British sunseekers flock back to Spain and France in search of bargain holiday homes
News Article Date: Monday 12th of October 2009
Latest figures suggest that old favourites France and Spain are regaining their popularity with buyers of holiday homes. But the picture is not so positive for investors wanting a sizeable return on their purchases, with some former European hotspots now looking decidedly chilly.
According to overseas mortgage firm Conti, 31 per cent of the enquiries it has received so far this year have been about property in France, while more than a fifth were about Spain. Clare Nessling, director at Conti, says buyers are sticking to areas they know and trust, and turning their backs on more adventurous territories such as Bulgaria, Turkey and Dubai.
Spain is maintaining its popularity with UK holiday home buyers as prices have fallen heavily due to an oversupply of properties on the market. In some cases, prices in the Costa del Sol have plummeted by 40 per cent since the peak in 2006/7.
That means for those who have always dreamed of buying a place in the sun but been put off by the cost, now is the time to take a look.
The glut of properties on the Spanish market has led one UK firm to launch a service specifically to try and find buyers for "distressed" properties, typically repossessions, probate or part-exchanged properties.
The online property company, whitehotproperty.co.uk, is currently marketing around 4,000 distressed properties in the popular tourist destinations with – in some cases – sizeable discounts. In one example, a four-bed, two-bathroom duplex apartment in Torrevieja has been reduced to €118.400 (£102,068), a 27 per cent discount on the original asking price.
Similarly, a three-bedroom villa with a pool in a tourist hotspot such as the Costas can be bought for €400,000. It would have cost around €650,000 at the height of the market three years ago.
Stuart Law, chief executive of international property investment firm Assetz, puts the British homebuyers' continued interest in Spain down to its proximity to the UK, its sunny climate and an abundance of sandy beaches.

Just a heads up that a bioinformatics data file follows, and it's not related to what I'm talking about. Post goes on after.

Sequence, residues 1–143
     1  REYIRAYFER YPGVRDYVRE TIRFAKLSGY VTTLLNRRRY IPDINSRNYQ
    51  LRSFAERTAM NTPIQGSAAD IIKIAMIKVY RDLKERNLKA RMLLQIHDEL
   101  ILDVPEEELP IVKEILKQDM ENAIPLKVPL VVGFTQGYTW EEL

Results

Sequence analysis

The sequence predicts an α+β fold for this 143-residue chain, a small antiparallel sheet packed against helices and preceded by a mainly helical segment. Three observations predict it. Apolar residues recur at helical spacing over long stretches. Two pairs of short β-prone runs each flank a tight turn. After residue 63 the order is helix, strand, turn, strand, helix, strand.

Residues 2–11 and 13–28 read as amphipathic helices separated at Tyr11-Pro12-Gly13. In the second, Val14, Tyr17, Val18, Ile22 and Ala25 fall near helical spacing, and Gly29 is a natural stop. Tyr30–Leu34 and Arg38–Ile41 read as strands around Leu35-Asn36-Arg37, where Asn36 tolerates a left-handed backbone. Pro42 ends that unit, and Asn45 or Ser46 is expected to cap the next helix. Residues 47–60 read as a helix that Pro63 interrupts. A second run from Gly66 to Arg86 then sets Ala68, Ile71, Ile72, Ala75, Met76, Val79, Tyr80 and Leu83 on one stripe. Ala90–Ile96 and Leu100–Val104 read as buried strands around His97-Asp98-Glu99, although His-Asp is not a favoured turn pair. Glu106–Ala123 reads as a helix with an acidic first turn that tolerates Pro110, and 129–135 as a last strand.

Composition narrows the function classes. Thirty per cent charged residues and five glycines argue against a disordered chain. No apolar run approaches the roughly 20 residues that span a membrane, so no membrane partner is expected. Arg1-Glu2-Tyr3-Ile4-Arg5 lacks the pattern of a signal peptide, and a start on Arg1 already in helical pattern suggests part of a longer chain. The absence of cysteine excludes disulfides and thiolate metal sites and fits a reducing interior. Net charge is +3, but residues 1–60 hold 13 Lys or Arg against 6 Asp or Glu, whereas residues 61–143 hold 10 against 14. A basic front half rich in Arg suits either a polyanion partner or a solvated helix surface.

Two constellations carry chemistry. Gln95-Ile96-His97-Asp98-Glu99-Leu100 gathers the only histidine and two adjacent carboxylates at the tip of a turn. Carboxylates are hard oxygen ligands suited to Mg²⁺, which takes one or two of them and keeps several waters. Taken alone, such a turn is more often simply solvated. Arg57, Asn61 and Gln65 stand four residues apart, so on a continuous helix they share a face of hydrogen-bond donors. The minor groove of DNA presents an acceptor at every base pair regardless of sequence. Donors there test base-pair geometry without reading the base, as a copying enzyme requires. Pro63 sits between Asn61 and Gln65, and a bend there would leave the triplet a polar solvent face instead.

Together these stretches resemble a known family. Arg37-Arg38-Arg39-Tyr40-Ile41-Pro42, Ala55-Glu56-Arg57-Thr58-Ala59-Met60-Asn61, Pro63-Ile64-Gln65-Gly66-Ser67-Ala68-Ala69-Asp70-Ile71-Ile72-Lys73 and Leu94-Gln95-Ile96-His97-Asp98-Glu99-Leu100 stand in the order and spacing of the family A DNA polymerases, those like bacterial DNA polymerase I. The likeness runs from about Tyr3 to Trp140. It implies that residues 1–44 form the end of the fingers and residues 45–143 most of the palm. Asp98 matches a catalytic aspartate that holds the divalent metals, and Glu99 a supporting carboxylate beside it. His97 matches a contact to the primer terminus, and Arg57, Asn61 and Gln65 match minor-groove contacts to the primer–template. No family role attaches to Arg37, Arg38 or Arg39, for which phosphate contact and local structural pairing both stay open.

The addition of relatively low property prices means Brits are in a good position to buy in Spain – so long as they don't expect investor-grade price rises. With supply outstripping demand, the situation is unattractive to the professional property developer reliant on solid returns over a relatively short period.
Law says: "Spain is a very difficult place to be buying from an investment point of view, particularly if you are keen on covering all of your costs with rent. Oversupply is impacting the rental market and the exchange rate isn't helping.
"If someone has set their mind on a holiday home that they are not going to rent out then Spain is ideal, and the very problem that would cause an issue to an investor is what is helping push prices down. There is massive choice, and also some very good pricing."
However, although Spain may have plenty of appeal, the European continental property market as a whole has not yet recovered. The Netherlands, Denmark, Slovenia and Slovakia have all seen double-digit house price falls over the second quarter of the year.
But the leading horror story is Bulgaria. The former hotspot in the Balkans is now a no-go area for lenders and buyers alike, with its land registry data showing that real estate transactions crashed by 35 per cent year-on-year in the first half of 2009.
Land prices in the previously fashionable Black Sea area fell by an average of 40 per cent in the first eight months of 2009 compared to the same period in 2008, according to the International Real Estate Federation in Bulgaria. All of Bulgaria's major cities and seaside resorts, including Sofia, Varna and Samokov, as well as winter resort Borovets, reported falls in the region of 50 per cent over the same period.